Recrimination and Regret Over the Hong Kong Vote
Following the walk-out by pro-Beijing members of Hong Kong’s Legislative Council just before Thursday’s vote on electoral reforms, accusations and recriminations over the ill-timed maneuver have flown. The walk-out resulted in a landslide defeat for the measure, which would have required all candidates for the chief executive to be approved by a committee selected by Beijing. While the reforms were not expected to pass, the overwhelming defeat proved to be an embarrassment to Beijing. The Economist reports on the incident and its impact on Beijing’s relationship with Hong Kong:
The only surprise was a bizarre walkout staged by pro-establishment lawmakers just before the vote. This meant that the plan was defeated far more soundly than expected, with only eight voting in favour of it. Voting rules required support from at least two-thirds of members for the package to pass. Though expected, the outcome is an embarrassment for the leadership in Beijing. It had badly wanted to be seen to be fulfilling the commitment it gave in its mini-constitution for post-colonial Hong Kong, known as the Basic Law, which says that the territory may eventually enjoy universal suffrage. China never offered Western-style democracy in Hong Kong, but thought it could allow one-person-one-vote while maintaining sufficient control over the process to ensure that a critic of the party would never be elected.
The leadership in Beijing had made it clear there was no other offer. That means the next elections will be held according to the existing rules: a similar kind of committee will choose the chief executive, but without a public vote. This leaves pro-democracy politicians in a quandary. Polls had suggested that public opinion is roughly evenly split between those who wanted legislators to vote down the plan, and those who believed that it would be better to accept it, even if it is flawed. If the outcome of the vote is greater tension between radical activists in Hong Kong and leaders in Beijing who are unwilling to make any concessions on voting procedures, then democrats risk losing support among moderates who fear turmoil. The possibility of growing street unrest became evident late last year when pro-democracy demonstrators staged unprecedented sit-ins on major roads for 79 days. [Source]
Those who participated in the walk-out attempted to explain their actions and to apologize, with New People’s Party chairwoman Regina Ip and Business and Professionals Alliance vice-chairman Jeffrey Lam Kin-fung both publicly weeping. Lau Suk-yee Tony Cheung, Lai Ying-kit and Jeffie Lam report for the South China Morning Post on the explanations offered by Lam and other coordinators of the walk-out:
Some called for an explanation while others demanded lessons be learned after the confusing walkout that saw the controversial blueprint for the 2017 chief executive election receive only eight “yes” votes, while the pan-democrats sarcastically thanked Beijing loyalists for their “support” in blocking the resolution.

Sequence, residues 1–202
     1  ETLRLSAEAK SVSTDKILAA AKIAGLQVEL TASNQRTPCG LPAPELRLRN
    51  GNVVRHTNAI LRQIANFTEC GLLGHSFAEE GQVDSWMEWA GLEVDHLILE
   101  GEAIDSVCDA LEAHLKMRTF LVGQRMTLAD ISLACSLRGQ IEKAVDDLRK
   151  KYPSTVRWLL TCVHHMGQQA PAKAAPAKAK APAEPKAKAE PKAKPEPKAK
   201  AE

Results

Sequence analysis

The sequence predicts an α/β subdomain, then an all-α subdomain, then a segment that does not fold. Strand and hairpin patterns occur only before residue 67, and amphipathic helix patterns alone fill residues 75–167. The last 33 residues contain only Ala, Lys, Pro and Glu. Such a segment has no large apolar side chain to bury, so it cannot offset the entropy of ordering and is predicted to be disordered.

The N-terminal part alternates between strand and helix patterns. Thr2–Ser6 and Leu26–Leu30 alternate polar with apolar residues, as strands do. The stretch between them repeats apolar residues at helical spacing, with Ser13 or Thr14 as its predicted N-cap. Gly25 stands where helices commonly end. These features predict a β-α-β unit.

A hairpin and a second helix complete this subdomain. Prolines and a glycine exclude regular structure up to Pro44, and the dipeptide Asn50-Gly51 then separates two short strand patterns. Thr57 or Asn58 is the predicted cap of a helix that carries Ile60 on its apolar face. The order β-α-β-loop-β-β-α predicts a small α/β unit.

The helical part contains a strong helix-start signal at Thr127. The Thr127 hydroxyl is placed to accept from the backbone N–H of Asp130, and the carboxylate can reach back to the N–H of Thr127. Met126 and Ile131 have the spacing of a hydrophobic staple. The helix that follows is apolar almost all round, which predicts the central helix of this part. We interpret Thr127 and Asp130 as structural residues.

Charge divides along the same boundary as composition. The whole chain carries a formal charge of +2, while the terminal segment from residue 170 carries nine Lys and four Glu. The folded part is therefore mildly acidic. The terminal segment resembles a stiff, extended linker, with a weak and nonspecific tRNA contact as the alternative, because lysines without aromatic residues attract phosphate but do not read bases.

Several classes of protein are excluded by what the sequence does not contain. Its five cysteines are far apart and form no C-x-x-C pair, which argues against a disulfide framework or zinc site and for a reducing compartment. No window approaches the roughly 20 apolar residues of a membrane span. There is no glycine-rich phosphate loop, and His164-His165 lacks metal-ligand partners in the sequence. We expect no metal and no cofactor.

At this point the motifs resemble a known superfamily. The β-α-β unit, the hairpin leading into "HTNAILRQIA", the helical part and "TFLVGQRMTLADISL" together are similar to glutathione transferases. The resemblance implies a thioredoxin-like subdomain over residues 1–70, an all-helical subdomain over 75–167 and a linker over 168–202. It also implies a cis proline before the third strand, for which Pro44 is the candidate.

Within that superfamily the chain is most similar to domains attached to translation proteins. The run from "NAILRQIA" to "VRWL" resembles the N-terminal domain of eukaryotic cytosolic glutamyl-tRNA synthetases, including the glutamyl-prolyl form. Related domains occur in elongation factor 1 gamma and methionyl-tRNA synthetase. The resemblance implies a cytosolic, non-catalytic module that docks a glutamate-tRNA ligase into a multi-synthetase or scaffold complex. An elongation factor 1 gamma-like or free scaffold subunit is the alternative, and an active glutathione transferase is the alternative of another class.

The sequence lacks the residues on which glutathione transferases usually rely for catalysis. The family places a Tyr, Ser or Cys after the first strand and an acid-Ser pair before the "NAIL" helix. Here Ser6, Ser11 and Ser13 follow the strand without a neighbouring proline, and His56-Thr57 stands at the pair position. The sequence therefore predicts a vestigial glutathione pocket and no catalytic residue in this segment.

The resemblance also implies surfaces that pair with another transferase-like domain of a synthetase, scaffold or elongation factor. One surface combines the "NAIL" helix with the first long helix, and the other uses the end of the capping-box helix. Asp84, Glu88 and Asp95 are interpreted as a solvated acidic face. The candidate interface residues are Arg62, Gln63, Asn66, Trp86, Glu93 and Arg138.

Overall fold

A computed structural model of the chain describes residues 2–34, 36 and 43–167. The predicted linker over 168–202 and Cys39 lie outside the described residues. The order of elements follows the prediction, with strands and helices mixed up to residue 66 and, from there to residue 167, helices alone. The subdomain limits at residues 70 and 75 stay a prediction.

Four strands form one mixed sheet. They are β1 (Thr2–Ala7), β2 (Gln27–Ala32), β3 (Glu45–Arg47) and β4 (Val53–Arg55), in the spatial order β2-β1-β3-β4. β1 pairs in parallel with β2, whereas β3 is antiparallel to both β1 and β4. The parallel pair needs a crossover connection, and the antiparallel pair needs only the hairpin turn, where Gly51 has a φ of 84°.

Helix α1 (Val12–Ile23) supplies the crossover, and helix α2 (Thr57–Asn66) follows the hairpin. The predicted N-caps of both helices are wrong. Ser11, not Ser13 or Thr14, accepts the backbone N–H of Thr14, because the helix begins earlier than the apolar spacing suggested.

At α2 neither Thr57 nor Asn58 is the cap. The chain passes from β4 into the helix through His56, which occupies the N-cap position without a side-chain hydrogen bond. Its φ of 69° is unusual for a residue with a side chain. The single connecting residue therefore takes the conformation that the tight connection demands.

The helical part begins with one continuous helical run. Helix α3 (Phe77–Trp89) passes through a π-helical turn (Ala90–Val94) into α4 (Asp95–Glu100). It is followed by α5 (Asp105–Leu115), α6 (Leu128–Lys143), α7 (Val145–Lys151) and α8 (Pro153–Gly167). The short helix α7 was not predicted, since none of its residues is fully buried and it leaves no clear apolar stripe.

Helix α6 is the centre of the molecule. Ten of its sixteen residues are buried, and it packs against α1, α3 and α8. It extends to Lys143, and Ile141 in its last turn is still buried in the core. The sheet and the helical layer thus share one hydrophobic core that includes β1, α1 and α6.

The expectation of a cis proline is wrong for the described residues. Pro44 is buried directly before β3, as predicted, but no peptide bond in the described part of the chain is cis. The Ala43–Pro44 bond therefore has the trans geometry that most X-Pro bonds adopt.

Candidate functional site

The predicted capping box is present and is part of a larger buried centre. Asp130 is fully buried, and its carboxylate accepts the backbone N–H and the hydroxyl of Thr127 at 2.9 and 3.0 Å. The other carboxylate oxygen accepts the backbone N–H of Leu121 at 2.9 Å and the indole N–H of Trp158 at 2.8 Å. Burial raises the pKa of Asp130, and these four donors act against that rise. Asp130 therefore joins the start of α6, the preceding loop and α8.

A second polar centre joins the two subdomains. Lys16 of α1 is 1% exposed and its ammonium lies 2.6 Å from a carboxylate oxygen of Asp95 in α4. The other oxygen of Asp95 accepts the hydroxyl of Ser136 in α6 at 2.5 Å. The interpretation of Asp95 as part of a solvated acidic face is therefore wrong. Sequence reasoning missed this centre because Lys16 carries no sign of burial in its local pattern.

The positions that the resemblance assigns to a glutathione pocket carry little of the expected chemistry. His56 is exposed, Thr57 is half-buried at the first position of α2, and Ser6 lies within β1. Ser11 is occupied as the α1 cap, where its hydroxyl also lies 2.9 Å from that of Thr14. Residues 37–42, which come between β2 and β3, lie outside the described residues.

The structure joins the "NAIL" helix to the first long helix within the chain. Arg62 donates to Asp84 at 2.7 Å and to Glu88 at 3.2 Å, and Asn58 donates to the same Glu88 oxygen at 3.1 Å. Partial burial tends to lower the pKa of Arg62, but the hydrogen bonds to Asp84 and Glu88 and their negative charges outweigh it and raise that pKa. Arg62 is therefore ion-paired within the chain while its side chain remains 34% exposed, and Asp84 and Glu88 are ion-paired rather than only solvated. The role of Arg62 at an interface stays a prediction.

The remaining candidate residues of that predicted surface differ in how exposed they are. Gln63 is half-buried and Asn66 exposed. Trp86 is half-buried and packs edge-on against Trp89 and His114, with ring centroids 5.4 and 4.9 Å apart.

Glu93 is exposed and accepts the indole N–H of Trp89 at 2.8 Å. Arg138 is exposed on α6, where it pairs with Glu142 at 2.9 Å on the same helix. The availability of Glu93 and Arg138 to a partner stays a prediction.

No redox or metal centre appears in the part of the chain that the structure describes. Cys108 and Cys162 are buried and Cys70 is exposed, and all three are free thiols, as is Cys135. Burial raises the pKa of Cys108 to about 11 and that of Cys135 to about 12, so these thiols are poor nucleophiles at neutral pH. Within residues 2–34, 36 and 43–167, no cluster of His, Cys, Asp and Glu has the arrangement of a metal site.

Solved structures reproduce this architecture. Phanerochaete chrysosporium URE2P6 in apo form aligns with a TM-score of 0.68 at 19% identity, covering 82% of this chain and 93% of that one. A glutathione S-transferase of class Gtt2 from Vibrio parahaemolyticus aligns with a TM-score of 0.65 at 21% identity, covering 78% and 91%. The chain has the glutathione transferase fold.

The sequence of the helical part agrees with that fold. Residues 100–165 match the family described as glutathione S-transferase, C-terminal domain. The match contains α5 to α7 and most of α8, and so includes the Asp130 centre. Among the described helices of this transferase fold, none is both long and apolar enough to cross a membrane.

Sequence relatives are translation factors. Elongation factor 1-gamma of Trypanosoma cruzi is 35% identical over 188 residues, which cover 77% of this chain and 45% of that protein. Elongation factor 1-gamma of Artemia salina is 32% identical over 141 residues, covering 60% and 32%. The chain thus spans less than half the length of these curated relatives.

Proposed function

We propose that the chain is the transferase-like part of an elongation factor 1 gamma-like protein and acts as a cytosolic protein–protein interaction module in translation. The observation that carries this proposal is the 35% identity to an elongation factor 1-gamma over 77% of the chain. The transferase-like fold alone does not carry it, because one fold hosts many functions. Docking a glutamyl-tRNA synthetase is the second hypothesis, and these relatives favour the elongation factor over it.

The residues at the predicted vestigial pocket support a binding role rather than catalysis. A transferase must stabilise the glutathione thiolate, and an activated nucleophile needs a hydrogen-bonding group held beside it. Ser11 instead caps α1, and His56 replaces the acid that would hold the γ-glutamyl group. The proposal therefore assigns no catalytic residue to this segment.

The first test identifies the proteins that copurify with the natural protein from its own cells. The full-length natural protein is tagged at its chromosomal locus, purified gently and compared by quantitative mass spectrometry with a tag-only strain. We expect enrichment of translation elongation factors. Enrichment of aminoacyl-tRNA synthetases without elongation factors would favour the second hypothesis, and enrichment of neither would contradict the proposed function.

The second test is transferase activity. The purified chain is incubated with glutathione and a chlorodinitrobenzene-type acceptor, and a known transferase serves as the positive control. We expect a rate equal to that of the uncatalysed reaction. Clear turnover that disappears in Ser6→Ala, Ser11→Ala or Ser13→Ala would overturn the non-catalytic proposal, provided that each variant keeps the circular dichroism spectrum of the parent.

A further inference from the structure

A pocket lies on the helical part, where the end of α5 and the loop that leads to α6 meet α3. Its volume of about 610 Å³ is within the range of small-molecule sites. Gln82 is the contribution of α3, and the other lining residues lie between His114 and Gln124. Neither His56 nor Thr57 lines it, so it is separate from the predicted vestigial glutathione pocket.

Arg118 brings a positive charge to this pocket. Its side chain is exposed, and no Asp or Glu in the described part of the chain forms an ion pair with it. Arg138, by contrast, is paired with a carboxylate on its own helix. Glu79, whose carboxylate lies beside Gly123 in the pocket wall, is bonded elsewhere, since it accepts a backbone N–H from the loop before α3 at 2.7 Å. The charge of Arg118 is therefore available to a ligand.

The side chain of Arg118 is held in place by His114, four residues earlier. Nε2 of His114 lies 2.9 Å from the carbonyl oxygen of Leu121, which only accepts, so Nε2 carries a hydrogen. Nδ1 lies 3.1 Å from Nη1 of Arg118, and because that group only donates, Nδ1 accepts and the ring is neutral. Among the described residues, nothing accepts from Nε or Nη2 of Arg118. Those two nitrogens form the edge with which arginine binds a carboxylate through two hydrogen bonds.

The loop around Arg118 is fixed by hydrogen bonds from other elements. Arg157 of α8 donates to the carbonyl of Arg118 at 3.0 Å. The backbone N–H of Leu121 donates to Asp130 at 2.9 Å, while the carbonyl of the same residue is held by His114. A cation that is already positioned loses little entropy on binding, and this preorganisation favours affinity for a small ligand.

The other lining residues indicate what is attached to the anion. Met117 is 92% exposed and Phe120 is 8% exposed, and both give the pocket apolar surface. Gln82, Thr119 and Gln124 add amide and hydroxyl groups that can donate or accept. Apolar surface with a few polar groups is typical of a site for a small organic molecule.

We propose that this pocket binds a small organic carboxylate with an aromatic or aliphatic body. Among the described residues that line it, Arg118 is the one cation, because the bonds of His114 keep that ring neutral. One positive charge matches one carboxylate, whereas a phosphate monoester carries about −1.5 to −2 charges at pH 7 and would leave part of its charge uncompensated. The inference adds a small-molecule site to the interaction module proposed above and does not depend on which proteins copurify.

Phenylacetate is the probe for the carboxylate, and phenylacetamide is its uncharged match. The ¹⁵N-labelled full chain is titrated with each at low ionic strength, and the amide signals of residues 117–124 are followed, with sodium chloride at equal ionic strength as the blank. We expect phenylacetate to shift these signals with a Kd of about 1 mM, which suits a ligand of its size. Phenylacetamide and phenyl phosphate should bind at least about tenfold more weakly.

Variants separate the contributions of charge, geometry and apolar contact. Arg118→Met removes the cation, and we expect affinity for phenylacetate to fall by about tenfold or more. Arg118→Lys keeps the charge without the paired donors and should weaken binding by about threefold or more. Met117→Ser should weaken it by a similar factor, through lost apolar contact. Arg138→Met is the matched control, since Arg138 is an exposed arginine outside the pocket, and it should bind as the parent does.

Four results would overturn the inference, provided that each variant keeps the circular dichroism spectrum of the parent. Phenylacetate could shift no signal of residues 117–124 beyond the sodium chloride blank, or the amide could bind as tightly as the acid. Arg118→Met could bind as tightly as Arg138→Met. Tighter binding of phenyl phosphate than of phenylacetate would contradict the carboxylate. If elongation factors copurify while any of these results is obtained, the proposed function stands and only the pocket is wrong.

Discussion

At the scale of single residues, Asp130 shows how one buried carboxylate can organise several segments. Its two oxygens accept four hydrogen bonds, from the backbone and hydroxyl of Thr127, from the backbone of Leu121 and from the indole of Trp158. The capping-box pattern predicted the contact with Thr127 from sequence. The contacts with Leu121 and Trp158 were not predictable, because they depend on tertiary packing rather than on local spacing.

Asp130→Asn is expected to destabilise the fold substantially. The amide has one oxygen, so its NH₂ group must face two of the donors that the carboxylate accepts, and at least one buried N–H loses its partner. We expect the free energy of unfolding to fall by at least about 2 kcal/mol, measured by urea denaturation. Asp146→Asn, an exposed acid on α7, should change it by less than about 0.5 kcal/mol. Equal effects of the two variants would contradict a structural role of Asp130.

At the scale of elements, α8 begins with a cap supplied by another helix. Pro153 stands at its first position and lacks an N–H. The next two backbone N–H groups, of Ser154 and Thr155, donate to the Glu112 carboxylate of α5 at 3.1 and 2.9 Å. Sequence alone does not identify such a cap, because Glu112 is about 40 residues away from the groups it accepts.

The fiasco has been described by analysts as an “embarrassment” for Beijing, and the central government’s liaison office has been meeting or phoning pro-establishment lawmakers about it over the last two days.
Much of the blame has been placed on business representative and Executive Council member Jeffrey Lam Kin-fung, seen as a key instigator of the walkout in which 31 lawmakers left the chamber in an attempt to force a suspension of the meeting so that Lam’s Business and Professionals Alliance colleague, Lau Wong-fat, could make it for the vote on the Beijing-decreed package.
During the drama, seconds before the historic vote was due to proceed, another pro-establishment heavyweight, Ip Kwok-him of the Democratic Alliance for the Betterment and Progress of Hong Kong, stood up and ushered everyone to the exit. He apologised for his part yesterday. [Source]
As many expected, Beijing officials condemned the results of the vote and cast blame on the pan-democratic representatives. From the Global Times:
The Hong Kong and Macao Affairs Office of the State Council said it hopes the regional government would promote unity, prosperity and stability in Hong Kong, while the liaison office of the central government in Hong Kong also urged the region to end partisanship and work together for a better economy and people’s livelihood, reported the Xinhua News Agency.
[…] Meanwhile, analysts and lawmakers said they are concerned over possible obstacles to economic development in the region as uncertainty and disputes in the political arena keep haunting Hong Kong.
“Pan-democratic lawmakers may continue to hijack government bills that would benefit the economy and people’s livelihood by filibustering to stall and block them,” local lawmaker Michael Tien Puk-sun told the Global Times Thursday. [Source]
Kelvin Chan at AP reports on the People’s Daily editorial, which neglected to mention the walk-out:
The Chinese Communist Party’s flagship newspaper published an editorial deploring the vote and accusing the pro-democracy camp of being “selfish” and not heeding public opinion in rejecting the government’s election proposals.